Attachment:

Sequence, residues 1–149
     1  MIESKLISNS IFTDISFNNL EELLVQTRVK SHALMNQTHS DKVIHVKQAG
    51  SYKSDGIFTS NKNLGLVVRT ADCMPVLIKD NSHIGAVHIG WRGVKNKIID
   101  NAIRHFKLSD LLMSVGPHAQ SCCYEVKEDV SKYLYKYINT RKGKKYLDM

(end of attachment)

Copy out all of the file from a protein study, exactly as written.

Sequence, residues 1–149
     1  MIESKLISNS IFTDISFNNL EELLVQTRVK SHALMNQTHS DKVIHVKQAG
    51  SYKSDGIFTS NKNLGLVVRT ADCMPVLIKD NSHIGAVHIG WRGVKNKIID
   101  NAIRHFKLSD LLMSVGPHAQ SCCYEVKEDV SKYLYKYINT RKGKKYLDM